Edmund Burke, who declared the tyranny of bad laws, was a deep political thinker and a ferocious polemicist. In 1777, he wrote to the Sheriffs of Bristol that the true danger to freedom was when liberty was nibbled away, for expedience, and by parts.
We should wish that 1777 is now, and that Burke was writing to our prime minister. Perhaps then John Howard would be less reckless in his pursuit of additional security powers and more concerned about the damage his legislation will do to important traditions of free association, opinion and debate.
I declare, therefore, that I write the following with open, seditious intention.
The Federal Government proposes to amend the Crimes Act 1914 so as to be able to jail any body of persons, incorporated or unincorporated, which by its constitution or propaganda or otherwise, advocates or encourages the doing of any act having or purporting to have as an object the carrying out of a seditious intention.
Seditious intention means an intention to bring the sovereign into hatred or contempt; or to urge disaffection against the constitution; the government of the Commonwealth; either house of the Parliament; to urge another person to attempt, otherwise than by lawful means, to procure a change to any matter established by law in the Commonwealth; and to promote feelings of ill-will or hostility between different groups so as to threaten the peace, order and good government of the Commonwealth.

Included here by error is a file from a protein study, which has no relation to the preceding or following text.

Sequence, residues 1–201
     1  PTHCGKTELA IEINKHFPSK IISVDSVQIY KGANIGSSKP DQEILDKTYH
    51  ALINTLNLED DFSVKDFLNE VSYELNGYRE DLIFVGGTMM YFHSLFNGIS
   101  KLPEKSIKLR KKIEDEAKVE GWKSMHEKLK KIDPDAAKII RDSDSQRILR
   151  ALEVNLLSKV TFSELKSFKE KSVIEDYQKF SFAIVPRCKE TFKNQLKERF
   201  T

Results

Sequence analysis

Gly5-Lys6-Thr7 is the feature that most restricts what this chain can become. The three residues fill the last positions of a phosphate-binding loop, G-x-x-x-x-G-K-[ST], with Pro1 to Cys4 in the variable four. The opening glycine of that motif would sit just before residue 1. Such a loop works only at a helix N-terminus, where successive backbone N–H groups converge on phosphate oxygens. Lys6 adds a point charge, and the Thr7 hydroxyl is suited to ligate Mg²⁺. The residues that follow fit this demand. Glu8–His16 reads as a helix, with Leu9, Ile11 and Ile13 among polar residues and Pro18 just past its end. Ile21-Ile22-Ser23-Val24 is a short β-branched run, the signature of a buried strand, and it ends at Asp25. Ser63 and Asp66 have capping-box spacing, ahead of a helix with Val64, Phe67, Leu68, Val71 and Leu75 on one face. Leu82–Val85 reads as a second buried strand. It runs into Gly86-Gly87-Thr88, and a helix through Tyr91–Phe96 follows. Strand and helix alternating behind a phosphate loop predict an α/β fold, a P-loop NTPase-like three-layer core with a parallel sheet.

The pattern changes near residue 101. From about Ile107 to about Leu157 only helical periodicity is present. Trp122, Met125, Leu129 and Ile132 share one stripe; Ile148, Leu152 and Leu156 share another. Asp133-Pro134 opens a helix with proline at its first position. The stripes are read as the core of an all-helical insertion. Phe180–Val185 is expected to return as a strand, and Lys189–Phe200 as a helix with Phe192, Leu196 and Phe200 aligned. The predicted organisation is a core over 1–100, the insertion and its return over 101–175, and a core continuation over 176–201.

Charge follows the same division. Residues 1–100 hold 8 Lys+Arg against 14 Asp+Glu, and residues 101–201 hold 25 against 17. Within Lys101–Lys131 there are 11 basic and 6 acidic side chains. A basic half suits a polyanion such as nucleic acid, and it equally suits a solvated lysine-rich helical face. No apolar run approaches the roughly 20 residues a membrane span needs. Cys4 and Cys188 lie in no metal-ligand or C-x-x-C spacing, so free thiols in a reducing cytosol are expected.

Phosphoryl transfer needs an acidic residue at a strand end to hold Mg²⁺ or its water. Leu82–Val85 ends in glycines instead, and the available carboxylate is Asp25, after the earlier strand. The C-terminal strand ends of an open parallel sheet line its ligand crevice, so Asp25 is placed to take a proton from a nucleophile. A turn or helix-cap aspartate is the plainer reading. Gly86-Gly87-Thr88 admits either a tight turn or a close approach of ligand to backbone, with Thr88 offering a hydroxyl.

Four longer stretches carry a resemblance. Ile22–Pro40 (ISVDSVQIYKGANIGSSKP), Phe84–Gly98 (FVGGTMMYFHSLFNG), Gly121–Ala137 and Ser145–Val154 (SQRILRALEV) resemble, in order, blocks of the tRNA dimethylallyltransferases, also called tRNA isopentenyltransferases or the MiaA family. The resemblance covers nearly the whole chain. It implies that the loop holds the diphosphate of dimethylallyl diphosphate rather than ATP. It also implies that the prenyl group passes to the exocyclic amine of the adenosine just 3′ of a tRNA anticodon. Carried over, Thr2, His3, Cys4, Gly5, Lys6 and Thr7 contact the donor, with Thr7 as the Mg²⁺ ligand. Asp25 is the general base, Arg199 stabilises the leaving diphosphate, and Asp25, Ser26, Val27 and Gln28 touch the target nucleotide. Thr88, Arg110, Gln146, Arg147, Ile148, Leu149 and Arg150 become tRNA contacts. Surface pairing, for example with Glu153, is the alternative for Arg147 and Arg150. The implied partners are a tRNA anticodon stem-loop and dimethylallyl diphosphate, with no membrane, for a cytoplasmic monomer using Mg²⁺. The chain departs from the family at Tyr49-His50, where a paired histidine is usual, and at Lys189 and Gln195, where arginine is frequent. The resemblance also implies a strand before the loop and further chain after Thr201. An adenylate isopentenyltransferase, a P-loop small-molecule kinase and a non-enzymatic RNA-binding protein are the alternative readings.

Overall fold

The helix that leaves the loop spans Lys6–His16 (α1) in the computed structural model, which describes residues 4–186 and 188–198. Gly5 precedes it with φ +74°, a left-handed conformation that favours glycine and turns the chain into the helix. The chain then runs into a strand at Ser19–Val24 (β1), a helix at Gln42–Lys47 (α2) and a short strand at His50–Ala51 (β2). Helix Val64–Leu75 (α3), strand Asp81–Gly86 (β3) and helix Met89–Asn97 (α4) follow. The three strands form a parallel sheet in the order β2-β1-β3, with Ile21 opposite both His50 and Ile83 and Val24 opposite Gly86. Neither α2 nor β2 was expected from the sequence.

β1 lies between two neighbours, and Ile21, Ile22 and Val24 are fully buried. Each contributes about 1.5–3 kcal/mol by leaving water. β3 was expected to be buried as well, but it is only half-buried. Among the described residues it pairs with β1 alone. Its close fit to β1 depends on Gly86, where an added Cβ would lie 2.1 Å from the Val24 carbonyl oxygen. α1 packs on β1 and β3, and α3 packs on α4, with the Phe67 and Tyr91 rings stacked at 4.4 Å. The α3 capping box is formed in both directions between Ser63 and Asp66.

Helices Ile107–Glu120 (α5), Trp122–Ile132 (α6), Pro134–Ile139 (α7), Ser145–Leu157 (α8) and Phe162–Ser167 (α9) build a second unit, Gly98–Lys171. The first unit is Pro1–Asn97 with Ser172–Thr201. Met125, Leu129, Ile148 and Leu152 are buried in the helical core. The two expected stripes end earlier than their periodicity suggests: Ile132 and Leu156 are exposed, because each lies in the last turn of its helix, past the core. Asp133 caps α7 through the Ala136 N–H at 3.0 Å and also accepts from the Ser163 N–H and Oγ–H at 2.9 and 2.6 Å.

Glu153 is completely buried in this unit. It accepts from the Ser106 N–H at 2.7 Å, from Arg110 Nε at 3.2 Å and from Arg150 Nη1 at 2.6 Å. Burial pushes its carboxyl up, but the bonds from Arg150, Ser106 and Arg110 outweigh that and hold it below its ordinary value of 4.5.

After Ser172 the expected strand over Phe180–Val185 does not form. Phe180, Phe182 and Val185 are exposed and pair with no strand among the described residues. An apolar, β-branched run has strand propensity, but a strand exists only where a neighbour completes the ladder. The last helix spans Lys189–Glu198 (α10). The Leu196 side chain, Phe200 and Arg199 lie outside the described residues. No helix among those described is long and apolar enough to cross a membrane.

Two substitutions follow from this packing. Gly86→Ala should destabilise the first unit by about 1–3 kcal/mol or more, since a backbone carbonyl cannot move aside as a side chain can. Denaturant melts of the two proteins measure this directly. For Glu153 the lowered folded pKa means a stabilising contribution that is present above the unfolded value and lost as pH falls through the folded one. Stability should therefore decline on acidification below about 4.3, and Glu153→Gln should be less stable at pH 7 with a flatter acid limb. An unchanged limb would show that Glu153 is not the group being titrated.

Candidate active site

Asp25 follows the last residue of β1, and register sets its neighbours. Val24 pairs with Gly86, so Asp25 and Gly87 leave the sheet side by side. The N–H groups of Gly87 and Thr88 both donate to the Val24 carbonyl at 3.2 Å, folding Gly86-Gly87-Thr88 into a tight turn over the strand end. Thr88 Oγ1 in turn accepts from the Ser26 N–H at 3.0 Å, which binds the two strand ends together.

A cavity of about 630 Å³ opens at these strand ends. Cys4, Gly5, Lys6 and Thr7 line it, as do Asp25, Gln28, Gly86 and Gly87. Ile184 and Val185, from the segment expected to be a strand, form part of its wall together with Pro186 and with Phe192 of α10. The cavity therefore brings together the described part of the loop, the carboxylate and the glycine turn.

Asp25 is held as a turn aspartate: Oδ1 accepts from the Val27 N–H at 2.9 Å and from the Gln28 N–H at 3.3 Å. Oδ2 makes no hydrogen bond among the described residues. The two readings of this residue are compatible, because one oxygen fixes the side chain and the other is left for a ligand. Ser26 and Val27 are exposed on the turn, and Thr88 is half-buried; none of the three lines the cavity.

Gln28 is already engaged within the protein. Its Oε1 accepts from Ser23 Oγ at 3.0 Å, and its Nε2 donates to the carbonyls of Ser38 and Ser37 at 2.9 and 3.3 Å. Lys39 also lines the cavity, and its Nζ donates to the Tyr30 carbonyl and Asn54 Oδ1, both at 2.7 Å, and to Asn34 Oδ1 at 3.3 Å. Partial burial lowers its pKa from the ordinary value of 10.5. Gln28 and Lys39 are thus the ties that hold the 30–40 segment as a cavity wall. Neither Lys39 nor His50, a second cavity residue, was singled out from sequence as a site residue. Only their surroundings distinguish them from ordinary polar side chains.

"Under this constitution a High Court can rule that a man, charged with and guilty of no crime, can be locked up indefinitely. Under this constitution, rights are left to the mercy of predators such as Howard and expedient windbags like Beazley. The Australian constitution enables the government to spend without constraint to serve its own political interest. As such, it deserves the disaffection of decent, democratic people."
Just so it is clear, I urge all Australians to hold the sovereign and her heirs and successors with hatred and contempt. Lecherous, callow, adulterous; inbred, exclusive and foreign; they remind us that, by them, we are made no democratic people. Because they are appointed by bloodline, and because talent, accomplishment and merit enter not into the question of their position and the prominence accorded to them, they exist as proof that government can be degraded by the powerful in service of their own interests. As s